Apple (NASDAQ:AAPL) has absolutely dominated the smartphone market for the past decade, particularly in the Western world, and in doing so has created a formidable ecosystem that competitors find hard to break. The design prowess of Steve Jobs laid the foundation for the current ecosystem of hardware and software created by Tim Cook’s Apple, and investors have enjoyed huge returns since he took the helm in August 2011.
The company released its fourth-quarter 2022 results on Thursday, in an earnings season in which many big tech companies came under fire after weaker-than-expected reports. I also wrote an article Earlier this week, he previewed Apple’s results, urging investors to be cautious due to the many risks that could affect this business.
So did Apple make me look like a fool?
Yes, yes he did it.
Apple earnings summary
Starting at the top, Apple’s fourth-quarter revenue grew 8.1% year over year to $90.1 billion, beating analyst estimates of $88.8 billion. This is perhaps even more impressive when you consider the exchange rate headwinds that have hampered many US-based global companies; At constant exchange rates, year-on-year growth would have been 14%.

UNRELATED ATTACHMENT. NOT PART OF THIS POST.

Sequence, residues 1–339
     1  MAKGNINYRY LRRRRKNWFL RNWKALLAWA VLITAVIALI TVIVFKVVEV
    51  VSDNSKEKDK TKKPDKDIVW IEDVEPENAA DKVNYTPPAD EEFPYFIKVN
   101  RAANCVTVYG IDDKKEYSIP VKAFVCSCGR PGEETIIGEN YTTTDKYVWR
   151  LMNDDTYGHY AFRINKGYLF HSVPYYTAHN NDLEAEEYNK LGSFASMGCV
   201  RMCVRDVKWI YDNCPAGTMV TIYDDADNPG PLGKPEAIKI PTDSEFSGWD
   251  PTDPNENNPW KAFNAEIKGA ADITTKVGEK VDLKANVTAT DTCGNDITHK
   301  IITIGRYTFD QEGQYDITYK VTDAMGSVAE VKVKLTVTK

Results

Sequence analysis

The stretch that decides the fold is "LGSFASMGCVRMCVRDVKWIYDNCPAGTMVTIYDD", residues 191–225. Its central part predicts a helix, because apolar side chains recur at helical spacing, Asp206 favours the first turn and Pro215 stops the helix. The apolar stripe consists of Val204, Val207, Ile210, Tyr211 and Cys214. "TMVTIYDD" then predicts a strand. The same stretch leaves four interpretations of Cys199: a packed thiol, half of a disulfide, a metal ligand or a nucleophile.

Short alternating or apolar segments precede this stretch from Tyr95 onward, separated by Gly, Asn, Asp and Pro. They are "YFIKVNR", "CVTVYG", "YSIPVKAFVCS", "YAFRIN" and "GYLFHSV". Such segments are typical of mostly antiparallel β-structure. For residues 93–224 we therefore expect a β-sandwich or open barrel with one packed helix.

Coming to the bottom line, it was another success story for Apple. The company posted EPS of $1.29, which beat analyst estimates of $1.27.
Kudos to Apple; delivered a very strong quarter in an earnings season where the likes of Meta (GOAL) and Amazon (AMZN) fell 20% after the announcement of its results. All of these companies face the same headwinds, namely inflation and a strong US dollar, but so far Apple has stood up to the best of all the big tech companies.
Lots of highlights for shareholders
Despite the difficult macroeconomic environment, this earnings call must have delighted Apple shareholders; it was full of good news, records were broken, and I think I would feel quite smug as a shareholder at this point; on the contrary, I feel a bit embarrassed after this brilliant company proved me dead wrong.
Let’s take a look at some of Apple’s highlights Fourth Quarter Earnings Callwhich I think show cause for optimism going forward, starting with the following gem from CEO Tim Cook: